Why is it that one rarely sees butterflies in winter?
A naturalist in the Gulbenkian Garden
Patrícia Garcia-Pereira, researcher at cE3c-Centre for Ecology, Evolution and Environmental Changes, at the Faculty of Sciences, University of Lisbon (FCUL), explains what happens to these very special insects when the colder weather arrives.
What happens is that we tend to associate the term “butterfly” only to this insect’s adult stage, when it has “two pairs of wings covered in scales, and its role it is to find a partner with whom to mate so that females lay eggs, ensuring the next generation”, explains the specialist.
However, “we mustn’t forget that throughout their lives these animals undergo incredible transformations, starting with the egg, then a caterpillar phase, which in our latitudes lasts a long time, followed by the chrysalis and finally, the adult phase”, she describes.
Thus, most butterflies in Portugal spend the winter as caterpillars. Meanwhile, there are other species that are in the egg, chrysalis or even adult stage. However, it is certain that all of them will be in diapause, which is when “they reduce their activity to minimum, in a latent kind of life stage, similar to the hibernation of mammals”.
This takes place because butterflies are exothermic animals, unable to regulate their body’s internal temperature, explains the researcher. They therefore depend on exterior climatic conditions to become more active. “During the cold season, they go into diapause, alive but still, waiting for higher temperatures that will allow them to increase their activity.”
For example, butterflies that spend the winter in their adult state, when it’s cold, prefer to stay still and hidden in the hollows of trees or rock crevices.
Nevertheless, even in this season, when days start getting warmer and sunnier, some already have “enough energy to start their normal life”. Examples include the Cleopatra butterfly (Gonepteryx Cleopatra) and the Large Tortoiseshell butterfly (Nymphalis polychloros).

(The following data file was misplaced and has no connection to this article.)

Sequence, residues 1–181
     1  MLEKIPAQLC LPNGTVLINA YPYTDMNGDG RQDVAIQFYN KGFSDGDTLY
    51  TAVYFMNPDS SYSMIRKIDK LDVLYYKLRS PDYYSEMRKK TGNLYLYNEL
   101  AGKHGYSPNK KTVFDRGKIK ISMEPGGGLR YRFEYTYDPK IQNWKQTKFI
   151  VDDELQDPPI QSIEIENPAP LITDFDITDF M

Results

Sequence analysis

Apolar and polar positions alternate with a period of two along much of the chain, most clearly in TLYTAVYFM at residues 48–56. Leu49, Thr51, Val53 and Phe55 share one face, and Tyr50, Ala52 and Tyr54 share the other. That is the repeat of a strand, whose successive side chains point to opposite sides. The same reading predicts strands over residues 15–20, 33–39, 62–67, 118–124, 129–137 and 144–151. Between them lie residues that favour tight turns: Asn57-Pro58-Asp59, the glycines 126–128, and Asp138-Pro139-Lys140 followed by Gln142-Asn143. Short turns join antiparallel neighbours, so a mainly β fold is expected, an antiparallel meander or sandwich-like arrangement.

These and other species that we see fluttering by on warmer winter days tend to be bigger, with a larger wingspan. The scales these insects have on their wings are extremely useful for them: “They are an excellent adaptation to maximize the capture of energy, each serving as a small solar panel, which butterflies position at the angle of the sun’s movement, to gain more heat”, explains Patrícia Garcia-Pereira.
However all these life cycle adaptations to the natural rhythm of the seasons did not take place all of a sudden, they took millions of years. That’s why scientists are so concerned about the effects of climate change on butterflies. “As everything is happening at such a great speed, species do not have time to adapt naturally to environmental changes, which will lead to the extinction of many of them”, she underlines.
On the one hand, the general increase in temperatures influences the duration of the life stages, with an expected increase in the number of generations each year. Nevertheless plants will need to keep up with the change so that food is available when needed. “If there are no leaves or flowers to feed the butterflies, they will die.”
On the other hand, “extreme climatic events, such as storms with periods of intense rain and wind, which are increasingly frequent and prolonged, will also affect the lives of these insects”, warns the researcher.
Every month of the year, Wilder magazine unveils some of the phenomena taking place in the Gulbenkian Garden and the natural world.